In February 2009, Ahmed Douma, then a student at Tanta University, was arrested at the border to the Gaza Strip, after he had entered it with a group of anti-war activists who wanted to express their solidarity with the Palestinian people. He was tried before a military court for illegally crossing the border and sentenced to one year in prison. During his transport to the prison and during interrogations there, he was tortured and threatened with the use of false confessions to obtain further convictions against him.
In January 2012, he was detained and charged with inciting violence against the army and encouraging attacks on public property, following the Cabinet clashes in December 2011. During these clashes, 12 people were killed and 815 were injured, when police and military forces cracked down on a sit-in outside the Cabinet office in Cairo, which was organized by activists protesting against the appointment of Kamal Ganzouri as prime minister by the Supreme Council of the Armed Forces.
In April 2013, Ahmed Douma was arrested after calling President Morsi a killer and a criminal, and on 3 June he was convicted to six months in prison for insulting the president. However, Douma appealed the verdict, and on 6 July another court ordered his release without bail.
On 3 December 2013, Ahmed Douma was arrested at his home, following a protest organized by the No Military Trials for Civilians campaign in defiance of a new restrictive protest law, which was violently dispersed by the police. On 22 December, he was sentenced, together with Ahmed Maher and Mohammed Adel, to three years in prison with hard labour and a fine of EGP 50,000 for his participation in protests illegal under the new protest law. In an attempt to reverse the verdict he joined a hunger strike with other deteinees who were imprisoned under the new protest law. However, he had to end it due to his deterorating health.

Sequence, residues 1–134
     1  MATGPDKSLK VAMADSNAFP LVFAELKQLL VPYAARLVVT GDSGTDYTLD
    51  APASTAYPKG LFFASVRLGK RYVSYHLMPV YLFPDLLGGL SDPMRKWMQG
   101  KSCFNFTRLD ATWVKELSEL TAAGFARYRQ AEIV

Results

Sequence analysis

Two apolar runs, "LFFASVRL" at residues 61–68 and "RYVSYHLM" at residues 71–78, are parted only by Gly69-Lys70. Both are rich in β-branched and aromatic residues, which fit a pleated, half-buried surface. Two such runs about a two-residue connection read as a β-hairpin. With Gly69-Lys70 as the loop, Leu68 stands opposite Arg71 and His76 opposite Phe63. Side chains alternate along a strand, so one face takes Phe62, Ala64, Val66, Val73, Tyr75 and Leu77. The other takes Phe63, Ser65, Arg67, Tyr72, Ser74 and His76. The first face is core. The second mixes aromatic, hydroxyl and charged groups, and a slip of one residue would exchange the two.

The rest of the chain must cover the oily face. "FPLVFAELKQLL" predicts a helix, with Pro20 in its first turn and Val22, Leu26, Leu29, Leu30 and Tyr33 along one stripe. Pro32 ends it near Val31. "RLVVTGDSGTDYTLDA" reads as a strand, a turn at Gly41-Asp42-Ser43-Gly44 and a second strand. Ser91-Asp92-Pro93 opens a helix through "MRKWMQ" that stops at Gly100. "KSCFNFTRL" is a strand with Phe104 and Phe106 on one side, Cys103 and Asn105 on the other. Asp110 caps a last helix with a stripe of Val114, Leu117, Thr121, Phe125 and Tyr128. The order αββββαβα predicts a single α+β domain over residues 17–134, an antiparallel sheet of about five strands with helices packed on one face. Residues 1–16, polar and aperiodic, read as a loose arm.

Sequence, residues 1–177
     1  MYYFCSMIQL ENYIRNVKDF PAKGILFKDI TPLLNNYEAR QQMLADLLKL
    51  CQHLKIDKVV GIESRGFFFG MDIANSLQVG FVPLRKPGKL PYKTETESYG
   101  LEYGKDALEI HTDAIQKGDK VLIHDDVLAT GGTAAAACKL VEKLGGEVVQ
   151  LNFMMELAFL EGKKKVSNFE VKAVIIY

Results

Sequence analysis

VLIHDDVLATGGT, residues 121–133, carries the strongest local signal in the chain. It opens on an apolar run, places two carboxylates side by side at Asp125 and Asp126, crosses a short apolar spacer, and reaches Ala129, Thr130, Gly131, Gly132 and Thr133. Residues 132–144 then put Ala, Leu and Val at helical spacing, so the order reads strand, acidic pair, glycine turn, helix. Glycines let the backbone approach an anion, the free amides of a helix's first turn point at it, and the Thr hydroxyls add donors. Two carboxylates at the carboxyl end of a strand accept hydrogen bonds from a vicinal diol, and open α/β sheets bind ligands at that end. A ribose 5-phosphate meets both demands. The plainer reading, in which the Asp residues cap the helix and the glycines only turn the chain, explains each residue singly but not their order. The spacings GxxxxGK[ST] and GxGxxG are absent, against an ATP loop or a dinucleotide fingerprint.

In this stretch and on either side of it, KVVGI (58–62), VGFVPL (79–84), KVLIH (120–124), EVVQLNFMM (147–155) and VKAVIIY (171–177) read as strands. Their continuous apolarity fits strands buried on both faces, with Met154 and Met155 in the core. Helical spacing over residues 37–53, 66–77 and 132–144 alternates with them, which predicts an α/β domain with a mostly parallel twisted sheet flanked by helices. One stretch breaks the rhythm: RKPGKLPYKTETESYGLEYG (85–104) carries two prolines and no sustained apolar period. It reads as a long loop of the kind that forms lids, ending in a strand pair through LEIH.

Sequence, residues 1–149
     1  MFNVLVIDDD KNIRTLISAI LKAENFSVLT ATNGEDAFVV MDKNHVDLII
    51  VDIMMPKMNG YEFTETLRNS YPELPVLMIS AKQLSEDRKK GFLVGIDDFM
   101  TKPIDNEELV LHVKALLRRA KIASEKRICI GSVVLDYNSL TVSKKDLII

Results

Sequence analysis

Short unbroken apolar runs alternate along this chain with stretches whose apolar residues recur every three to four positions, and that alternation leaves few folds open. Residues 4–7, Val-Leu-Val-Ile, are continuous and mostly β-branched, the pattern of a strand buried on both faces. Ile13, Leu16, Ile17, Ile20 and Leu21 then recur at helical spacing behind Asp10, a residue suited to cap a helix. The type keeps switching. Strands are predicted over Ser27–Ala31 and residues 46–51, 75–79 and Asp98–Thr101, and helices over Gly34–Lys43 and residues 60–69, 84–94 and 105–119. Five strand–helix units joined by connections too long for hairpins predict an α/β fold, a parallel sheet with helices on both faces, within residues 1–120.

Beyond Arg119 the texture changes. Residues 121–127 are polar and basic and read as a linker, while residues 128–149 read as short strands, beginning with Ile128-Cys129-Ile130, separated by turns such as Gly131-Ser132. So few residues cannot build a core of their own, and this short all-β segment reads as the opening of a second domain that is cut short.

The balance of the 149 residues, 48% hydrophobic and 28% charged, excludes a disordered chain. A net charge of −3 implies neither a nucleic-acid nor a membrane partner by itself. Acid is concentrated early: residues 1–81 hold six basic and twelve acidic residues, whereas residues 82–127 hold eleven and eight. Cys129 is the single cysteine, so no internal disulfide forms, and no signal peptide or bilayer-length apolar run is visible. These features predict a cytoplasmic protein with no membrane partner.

The verdict was condemned by several Egyptian Human Rights organisations as well as by the High Representative of the European Union for Foreign Affairs Catherine Ashton and the United Kingdom Foreign Office. On 23 December, the Road of the Revolution Front organized a demonstration in Cairo in solidarity with the three activists. Hamdeen Sabahi has censured the court conviction sentencing Ahmed Maher, Mohamed Adel, and Ahmed Douma to three years in prison and a fine of LE50,000 and maintains that Interim President Adly Mansour should issue these and other detained individuals a pardon. The Constitution Party has expressed solidarity with the detainees and their families and requested that the interim President Adly Mansour issue a pardon to Ahmed Maher, Mohammed Adel, and Ahmed Douma, as well as to Loay Abdel Rahman, Omar Hussein, Islam Ahmed, and Nasser Ibrahim.
On 4 February 2015, The Cairo Criminal Court sentenced Ahmed Douma to life imprisonment and fined him LE 17,000,000.